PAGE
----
UAE residents may have missed the ‘ring of fire’ annular solar eclipse, but they can still catch another celestial wonder. A lunar eclipse is set to grace the night sky later this month, and it’s going to be visible in the UAE.
On Saturday, October 28, residents of the UAE are encouraged to gaze skyward as Earth’s shadow gradually darkens the lunar surface during its passage between the Sun and Moon.
Unlike solar eclipses, lunar eclipses offer a wider geographic viewing area, making it a collective experience for skywatchers, as noted by the Dubai Astronomy Group (DAG).
Lunar Eclipse: How to Get the Best View
The lunar eclipse can be observed from anywhere in the UAE, but for the optimal experience, Sheeraz Ahmad Awan, General Manager at DAG, suggests choosing an open area with a clear view of the Moon’s path.
For those seeking a more educational encounter, DAG will host an event at the Al Thuraya Astronomy Centre, set in their open backyard that can comfortably accommodate several hundred people.
While special equipment is not necessary to witness the lunar eclipse, having a telescope on hand can enhance the viewing experience. Unlike solar eclipses, it is perfectly safe to observe a lunar eclipse with the naked eye.
Timings of the Eclipse
According to Awan, the partial eclipse will last for 1 hour and 17 minutes, while the complete eclipse will span 4 hours and 25 minutes. Here are the timings for the different phases of the eclipse:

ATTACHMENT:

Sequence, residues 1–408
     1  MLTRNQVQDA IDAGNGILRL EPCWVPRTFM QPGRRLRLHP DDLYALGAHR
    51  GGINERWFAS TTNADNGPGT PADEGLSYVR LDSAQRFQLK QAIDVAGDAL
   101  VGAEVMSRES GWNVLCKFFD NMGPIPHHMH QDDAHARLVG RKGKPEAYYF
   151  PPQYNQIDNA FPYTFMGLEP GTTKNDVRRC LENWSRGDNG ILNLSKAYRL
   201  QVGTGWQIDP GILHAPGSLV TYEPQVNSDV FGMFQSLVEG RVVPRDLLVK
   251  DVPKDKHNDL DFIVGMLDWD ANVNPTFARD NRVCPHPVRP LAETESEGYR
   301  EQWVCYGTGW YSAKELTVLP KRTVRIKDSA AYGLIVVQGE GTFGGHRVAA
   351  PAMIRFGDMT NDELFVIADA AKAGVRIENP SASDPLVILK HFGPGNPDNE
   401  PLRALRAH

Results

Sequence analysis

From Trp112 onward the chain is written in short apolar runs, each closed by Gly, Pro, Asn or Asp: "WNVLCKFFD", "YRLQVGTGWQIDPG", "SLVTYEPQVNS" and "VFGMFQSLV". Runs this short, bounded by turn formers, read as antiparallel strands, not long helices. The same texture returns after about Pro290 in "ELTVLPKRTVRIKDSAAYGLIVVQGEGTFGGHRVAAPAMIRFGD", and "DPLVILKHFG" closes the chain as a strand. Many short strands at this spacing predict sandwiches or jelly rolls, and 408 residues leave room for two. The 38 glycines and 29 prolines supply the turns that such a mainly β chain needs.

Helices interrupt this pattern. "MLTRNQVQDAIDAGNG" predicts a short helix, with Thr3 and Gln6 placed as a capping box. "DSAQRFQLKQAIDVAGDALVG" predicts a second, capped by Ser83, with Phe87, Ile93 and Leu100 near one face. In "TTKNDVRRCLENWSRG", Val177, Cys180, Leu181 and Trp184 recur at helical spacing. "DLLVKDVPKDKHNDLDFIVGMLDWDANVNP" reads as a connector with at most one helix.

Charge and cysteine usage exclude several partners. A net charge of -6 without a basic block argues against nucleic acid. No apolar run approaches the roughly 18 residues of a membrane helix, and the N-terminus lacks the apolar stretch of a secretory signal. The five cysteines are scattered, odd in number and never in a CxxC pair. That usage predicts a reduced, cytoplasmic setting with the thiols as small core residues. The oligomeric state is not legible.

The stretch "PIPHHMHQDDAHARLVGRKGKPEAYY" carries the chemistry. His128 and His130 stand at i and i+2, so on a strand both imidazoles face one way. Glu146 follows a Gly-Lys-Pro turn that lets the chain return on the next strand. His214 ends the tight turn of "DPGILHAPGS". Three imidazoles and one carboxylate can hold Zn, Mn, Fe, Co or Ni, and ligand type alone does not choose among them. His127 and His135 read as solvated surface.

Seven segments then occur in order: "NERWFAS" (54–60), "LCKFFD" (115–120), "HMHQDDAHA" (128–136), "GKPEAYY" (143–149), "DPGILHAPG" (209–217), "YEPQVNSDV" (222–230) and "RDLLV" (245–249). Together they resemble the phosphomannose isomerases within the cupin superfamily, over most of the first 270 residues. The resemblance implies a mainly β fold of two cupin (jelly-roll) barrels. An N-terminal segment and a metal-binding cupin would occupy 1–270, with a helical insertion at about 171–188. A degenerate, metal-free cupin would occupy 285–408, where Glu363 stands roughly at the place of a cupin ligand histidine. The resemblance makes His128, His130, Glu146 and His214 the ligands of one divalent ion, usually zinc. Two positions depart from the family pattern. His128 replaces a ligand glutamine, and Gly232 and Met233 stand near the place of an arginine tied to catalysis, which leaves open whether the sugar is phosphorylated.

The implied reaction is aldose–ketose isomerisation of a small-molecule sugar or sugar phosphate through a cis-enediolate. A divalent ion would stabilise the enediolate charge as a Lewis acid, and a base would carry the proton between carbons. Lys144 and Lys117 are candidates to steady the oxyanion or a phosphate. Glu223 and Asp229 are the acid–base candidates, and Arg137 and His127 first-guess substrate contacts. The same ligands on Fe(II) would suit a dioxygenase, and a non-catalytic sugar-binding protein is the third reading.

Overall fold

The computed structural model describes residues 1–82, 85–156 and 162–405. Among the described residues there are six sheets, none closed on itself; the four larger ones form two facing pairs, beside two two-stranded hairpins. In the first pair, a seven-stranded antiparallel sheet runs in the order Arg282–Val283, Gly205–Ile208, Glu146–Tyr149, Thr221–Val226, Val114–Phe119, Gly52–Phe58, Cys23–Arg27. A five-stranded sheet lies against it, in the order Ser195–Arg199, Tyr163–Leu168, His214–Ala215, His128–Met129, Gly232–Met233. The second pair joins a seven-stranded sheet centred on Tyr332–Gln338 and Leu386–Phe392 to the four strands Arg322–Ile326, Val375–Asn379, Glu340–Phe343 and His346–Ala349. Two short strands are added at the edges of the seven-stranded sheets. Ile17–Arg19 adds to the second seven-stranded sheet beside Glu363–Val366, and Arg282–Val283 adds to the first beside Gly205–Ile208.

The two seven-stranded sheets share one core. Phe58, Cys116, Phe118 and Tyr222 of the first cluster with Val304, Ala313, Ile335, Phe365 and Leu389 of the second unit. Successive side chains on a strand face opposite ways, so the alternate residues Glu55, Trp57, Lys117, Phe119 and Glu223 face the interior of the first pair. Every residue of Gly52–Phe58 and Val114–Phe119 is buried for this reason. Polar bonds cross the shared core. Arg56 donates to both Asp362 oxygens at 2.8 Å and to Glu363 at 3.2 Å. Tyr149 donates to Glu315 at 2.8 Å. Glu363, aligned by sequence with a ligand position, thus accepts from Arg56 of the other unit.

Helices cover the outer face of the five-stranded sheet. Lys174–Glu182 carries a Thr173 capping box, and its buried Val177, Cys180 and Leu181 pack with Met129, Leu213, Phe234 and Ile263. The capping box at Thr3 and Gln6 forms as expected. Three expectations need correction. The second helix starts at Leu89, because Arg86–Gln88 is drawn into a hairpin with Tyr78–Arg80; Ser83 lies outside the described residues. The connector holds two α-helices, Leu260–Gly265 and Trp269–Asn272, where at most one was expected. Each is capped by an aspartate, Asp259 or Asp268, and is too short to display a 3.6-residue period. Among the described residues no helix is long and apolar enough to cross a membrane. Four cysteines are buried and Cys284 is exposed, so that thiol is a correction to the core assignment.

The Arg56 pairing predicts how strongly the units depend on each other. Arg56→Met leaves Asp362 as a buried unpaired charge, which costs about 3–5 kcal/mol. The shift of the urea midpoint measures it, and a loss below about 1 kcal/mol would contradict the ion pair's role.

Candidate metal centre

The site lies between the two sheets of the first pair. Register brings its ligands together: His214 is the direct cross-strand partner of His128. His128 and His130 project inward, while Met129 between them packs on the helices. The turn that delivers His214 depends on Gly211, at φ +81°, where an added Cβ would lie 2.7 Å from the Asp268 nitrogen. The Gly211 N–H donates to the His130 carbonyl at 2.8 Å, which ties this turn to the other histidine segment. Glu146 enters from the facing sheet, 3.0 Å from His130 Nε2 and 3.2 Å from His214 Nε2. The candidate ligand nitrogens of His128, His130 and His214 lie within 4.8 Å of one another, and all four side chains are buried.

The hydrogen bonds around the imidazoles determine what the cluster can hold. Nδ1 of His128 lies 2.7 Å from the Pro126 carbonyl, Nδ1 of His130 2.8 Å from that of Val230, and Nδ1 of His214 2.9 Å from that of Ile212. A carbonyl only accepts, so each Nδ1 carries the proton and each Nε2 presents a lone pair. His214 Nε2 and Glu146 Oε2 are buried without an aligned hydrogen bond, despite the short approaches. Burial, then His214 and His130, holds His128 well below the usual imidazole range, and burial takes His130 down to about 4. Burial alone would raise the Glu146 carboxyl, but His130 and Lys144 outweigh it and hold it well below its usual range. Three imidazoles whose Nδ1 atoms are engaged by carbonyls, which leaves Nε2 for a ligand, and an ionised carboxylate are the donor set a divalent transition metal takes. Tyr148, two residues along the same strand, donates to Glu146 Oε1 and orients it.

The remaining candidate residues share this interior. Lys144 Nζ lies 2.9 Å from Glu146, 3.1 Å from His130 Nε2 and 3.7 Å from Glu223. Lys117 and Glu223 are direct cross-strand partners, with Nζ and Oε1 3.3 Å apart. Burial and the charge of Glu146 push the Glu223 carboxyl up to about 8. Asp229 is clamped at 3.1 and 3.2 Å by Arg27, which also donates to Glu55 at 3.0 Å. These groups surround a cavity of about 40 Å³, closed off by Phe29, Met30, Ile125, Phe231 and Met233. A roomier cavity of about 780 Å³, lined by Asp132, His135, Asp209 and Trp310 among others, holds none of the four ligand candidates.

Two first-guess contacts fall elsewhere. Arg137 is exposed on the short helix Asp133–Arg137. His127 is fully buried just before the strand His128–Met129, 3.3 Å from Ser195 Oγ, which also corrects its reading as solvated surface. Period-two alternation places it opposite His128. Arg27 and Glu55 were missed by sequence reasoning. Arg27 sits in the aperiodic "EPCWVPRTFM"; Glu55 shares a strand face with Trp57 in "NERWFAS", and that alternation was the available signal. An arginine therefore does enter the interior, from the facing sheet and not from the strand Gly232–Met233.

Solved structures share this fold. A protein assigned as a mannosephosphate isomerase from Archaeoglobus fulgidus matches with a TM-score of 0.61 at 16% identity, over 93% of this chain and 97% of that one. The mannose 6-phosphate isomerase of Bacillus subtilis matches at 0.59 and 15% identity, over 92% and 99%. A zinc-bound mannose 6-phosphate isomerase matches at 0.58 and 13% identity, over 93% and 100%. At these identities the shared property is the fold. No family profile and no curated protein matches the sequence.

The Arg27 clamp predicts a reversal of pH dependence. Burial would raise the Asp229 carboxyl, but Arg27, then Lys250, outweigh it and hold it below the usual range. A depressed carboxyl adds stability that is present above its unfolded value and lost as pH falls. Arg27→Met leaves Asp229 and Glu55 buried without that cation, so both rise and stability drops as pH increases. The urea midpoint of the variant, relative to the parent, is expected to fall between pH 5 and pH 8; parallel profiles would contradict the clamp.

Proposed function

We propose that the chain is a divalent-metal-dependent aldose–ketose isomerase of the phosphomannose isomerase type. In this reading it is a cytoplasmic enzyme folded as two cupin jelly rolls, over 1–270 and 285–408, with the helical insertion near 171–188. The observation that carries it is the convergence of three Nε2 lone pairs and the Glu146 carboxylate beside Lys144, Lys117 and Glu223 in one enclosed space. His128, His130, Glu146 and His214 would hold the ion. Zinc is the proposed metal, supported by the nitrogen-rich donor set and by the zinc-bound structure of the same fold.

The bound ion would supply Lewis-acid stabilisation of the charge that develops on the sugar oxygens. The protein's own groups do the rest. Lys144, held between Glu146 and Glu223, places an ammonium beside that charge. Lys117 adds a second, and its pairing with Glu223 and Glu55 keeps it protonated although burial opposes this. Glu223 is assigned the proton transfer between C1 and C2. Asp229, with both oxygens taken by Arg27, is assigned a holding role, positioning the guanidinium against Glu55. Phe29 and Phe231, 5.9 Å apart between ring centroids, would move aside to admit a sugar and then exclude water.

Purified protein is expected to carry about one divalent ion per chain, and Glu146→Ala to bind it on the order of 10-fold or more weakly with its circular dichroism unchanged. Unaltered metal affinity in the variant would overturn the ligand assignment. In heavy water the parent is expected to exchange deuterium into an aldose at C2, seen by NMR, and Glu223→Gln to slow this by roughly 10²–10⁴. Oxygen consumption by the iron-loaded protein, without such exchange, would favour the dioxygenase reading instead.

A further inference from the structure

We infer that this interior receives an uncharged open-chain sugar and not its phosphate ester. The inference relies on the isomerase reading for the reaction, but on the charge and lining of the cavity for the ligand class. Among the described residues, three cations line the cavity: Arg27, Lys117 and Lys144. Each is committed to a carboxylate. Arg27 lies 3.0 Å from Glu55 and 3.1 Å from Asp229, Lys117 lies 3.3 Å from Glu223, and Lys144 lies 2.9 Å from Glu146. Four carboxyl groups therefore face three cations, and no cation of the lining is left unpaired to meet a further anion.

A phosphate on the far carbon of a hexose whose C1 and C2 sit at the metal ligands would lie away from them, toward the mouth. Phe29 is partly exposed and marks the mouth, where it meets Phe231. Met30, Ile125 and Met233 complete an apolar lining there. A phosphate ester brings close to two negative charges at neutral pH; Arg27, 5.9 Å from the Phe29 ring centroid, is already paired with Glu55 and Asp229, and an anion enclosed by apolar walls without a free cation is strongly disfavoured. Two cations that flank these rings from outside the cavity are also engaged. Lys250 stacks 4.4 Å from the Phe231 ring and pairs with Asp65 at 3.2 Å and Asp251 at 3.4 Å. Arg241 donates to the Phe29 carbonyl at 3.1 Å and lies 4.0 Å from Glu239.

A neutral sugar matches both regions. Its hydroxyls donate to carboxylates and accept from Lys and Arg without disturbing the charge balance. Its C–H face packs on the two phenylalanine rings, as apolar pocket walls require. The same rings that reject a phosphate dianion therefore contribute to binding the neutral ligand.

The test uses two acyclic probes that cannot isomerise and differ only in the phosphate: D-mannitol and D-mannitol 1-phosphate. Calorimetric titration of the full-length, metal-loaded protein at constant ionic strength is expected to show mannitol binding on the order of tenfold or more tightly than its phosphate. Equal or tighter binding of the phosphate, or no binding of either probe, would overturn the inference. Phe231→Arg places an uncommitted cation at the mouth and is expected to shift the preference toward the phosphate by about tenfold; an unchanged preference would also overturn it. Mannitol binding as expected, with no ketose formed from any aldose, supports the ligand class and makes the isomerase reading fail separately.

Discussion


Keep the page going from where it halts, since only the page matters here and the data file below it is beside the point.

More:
- Penumbral eclipse commences at 10:01 pm.
- Partial eclipse begins at 11:35 pm.
- Maximum eclipse occurs at 12:14 am (Sunday, October 29, after midnight).
- Partial eclipse ends at 12:52 am.
- Penumbral eclipse concludes at 2:26 am.
The DAG emphasizes that celestial events such as lunar eclipses offer not only an opportunity to gaze at the sky but also a chance to deepen our understanding of the universe, foster international cooperation in science, and inspire the next generation of astronomers.
This lunar eclipse is the second of the year, following a penumbral eclipse on May 5. During the May eclipse, the full Flower Moon passed through the outermost part of Earth’s shadow, known as the penumbra.
A Glimpse at the Recent Solar Eclipse
On Friday, October 14, some parts of the world marveled at a rare alignment of the Moon and the Sun, creating a stunning golden ring of sunlight around the Moon’s silhouette. According to the DAG, this marked the last solar eclipse visible in the United States until 2046.
The DAG sent a team led by Khadijah Ahmad to the Albuquerque International Balloon Fiesta, which live-streamed the event to the UAE audience and captured breathtaking eclipse images. They also conducted panel discussions, workshops, and interviews, and distributed over 5,000 solar eclipse glasses.
While the solar eclipse wasn’t visible from the Arab world, the Abu Dhabi-based International Astronomy Centre posted a collage of images from the event to highlight its celestial beauty.
The UAE is all set to witness another celestial spectacle, so mark your calendars and get ready to be awed by the beauty of the lunar eclipse on October 28. Whether you’re an astronomy enthusiast or just curious about the wonders of the universe, this event promises to be a spectacular experience for all.